Red River College Continuing Studies instructor Ursula Neufeld has helped transform one of Main Street’s most colourful landmarks into a similarly eclectic downtown showpiece, while at the same time providing a creative outlet for those struggling with mental illness, addiction and homelessness.
Neufeld, a local visual artist who teaches Early Childhood Education courses at RRC, has for the last two years served in a lead role on a community arts project launched by local artists at the Red Road Lodge, 631 Main St. (formerly the New Occidental Hotel, now a transitional housing complex for at-risk individuals).
The result is a stunning outdoor mosaic located on the Lodge’s north-facing wall — one that’s inspired by traditional Aboriginal teachings, but also reflective of the diverse backgrounds of the hundreds of people who’ve contributed to its completion.
“We wanted to do something beautiful for the neighbourhood — to share in the creative process with the people here,” says Neufeld of the creative types behind Studio 631, an arts and culture resource housed within the Lodge. “But they didn’t just want to do a painting — they wanted to do something different.” Continue reading
Just in time for the holiday season, Red River College students in the Creative Communications program are putting their skills to good use by holding a radiothon in support of the Christmas Cheer Board today. “Kickin in for Christmas Cheer” will be broadcast on the campus radio station, 92.9 KICK FM from 7 a.m. to 7 p.m.
“The students are entirely responsible for promoting, producing and being on-air during the radiothon on Thursday,” says Red River College’s radio instructor, Dan Vadeboncoeur. “Creative Communications gives the students the skills they need to put on events like this and I am extremely proud of how far they’ve come since the beginning of the program.”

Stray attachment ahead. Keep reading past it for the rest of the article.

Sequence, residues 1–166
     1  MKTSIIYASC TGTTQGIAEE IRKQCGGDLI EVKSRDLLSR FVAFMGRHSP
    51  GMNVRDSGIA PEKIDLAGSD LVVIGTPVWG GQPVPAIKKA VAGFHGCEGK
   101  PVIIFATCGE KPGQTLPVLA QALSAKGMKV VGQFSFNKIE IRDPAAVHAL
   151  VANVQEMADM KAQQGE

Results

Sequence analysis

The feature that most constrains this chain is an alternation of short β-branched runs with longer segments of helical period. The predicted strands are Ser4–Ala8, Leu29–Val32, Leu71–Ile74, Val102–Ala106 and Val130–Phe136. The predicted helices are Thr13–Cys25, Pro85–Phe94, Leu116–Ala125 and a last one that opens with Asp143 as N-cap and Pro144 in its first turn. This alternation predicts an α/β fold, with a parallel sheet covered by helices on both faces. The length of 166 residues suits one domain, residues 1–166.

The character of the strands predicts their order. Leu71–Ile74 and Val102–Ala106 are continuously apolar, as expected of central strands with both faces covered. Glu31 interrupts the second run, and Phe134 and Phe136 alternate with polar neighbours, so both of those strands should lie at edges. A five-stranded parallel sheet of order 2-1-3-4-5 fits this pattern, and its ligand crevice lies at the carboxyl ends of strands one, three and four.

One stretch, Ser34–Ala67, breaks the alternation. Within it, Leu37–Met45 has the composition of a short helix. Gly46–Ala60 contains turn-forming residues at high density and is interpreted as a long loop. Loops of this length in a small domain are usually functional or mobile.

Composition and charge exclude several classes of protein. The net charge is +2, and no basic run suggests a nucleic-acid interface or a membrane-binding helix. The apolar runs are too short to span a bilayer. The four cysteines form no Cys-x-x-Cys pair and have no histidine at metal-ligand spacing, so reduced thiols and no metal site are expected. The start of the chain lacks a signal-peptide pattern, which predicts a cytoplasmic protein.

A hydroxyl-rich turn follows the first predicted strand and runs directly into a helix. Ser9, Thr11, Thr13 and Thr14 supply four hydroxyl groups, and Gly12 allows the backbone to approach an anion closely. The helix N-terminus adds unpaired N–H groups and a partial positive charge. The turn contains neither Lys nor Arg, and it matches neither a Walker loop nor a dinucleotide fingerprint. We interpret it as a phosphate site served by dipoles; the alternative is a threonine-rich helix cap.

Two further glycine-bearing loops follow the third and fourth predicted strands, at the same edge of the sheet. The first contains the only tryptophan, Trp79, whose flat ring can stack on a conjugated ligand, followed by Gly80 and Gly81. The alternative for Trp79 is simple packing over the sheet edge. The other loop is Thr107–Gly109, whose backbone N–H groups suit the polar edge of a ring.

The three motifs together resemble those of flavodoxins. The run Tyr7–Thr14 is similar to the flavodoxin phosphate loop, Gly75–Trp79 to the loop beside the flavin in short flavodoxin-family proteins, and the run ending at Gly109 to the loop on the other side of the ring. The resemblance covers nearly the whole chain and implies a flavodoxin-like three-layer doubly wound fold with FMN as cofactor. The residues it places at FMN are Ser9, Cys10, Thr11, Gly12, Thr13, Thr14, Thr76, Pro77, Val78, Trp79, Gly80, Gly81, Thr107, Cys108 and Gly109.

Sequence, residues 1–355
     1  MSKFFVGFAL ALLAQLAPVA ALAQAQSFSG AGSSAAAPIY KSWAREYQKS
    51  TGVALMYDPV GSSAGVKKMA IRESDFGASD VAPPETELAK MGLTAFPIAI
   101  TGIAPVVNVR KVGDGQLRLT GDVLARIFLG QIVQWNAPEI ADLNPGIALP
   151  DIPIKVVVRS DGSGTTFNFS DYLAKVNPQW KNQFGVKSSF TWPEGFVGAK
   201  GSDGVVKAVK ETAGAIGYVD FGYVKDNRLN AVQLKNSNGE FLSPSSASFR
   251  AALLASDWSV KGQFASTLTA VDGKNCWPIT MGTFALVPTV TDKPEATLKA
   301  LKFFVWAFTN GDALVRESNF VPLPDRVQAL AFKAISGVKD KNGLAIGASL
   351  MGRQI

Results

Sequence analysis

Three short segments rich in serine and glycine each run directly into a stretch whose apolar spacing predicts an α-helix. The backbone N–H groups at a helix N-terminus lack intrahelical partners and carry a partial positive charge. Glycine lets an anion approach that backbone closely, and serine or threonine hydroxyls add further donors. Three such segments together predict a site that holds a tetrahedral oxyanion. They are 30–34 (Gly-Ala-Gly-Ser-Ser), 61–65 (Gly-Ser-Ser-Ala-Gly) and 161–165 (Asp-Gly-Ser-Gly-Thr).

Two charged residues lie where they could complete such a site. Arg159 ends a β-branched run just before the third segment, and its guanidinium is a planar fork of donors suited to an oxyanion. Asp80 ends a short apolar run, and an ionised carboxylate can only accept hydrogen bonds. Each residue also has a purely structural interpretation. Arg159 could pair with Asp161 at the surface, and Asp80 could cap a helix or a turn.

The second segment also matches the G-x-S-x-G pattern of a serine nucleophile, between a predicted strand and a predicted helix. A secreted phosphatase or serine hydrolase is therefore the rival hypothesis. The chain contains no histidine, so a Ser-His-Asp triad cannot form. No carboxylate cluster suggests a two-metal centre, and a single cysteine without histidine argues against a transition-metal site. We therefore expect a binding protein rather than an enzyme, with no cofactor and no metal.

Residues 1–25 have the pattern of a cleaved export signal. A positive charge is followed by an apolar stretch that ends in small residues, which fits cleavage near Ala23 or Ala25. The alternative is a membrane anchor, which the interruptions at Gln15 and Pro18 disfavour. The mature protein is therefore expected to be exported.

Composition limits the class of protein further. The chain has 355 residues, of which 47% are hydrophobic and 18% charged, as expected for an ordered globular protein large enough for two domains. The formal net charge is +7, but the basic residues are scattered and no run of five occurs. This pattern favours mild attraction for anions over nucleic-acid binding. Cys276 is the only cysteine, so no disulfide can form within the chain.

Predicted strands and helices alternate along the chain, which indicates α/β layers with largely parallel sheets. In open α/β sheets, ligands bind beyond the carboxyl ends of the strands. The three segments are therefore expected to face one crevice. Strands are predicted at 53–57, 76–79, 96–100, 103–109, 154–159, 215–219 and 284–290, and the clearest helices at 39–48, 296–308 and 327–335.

Students will have hampers set up at both the Exchange District and Notre Dame Campuses on Thursday, and are inviting students and the public to bring a non-perishable food item or a new, unwrapped toy to donate to the Christmas Cheer Board.
Ray Hoemsen, RRC’s Director of Applied Research and Commercialization, will speak before the Standing Senate Committee on Energy, the Environment and Natural Resources at its hearings in Winnipeg today.
Hoemsen will outline how the applied research capabilities of the College have been supporting innovation in advanced transportation and energy, including:
- The plug-in hybrid electric vehicle cold weather testing project.
- Our work with MCI to design a more energy-efficient bus prototype.
- Our partnership with Mitsubishi Heavy Industries and New Flyer to develop an all-electric transit bus.
- The creation of the Electric Vehicle Technology and Education Centre at the Notre Dame Campus.
“Supporting applied research to adapt, adopt and improve existing technologies and put these technologies into commercial use is one key element to support a Canadian energy strategy,” he said. Continue reading
Red River College will again operate this year on restricted holiday hours, effective 4 p.m., on Fri., Dec. 23rd, 2011. Regular hours of operation will resume at 7 a.m., on Tue., Jan. 3rd, 2012.
During the break, general access to the Notre Dame and Exchange District Campuses will be limited to the following hours:
- Dec. 23rd: Regular hours until 4 p.m.
- Dec. 24th: 8 a.m. – noon
- Dec. 25th & 26th: Closed — no access
- Dec. 27th – 31st: 8 a.m. – 4 p.m.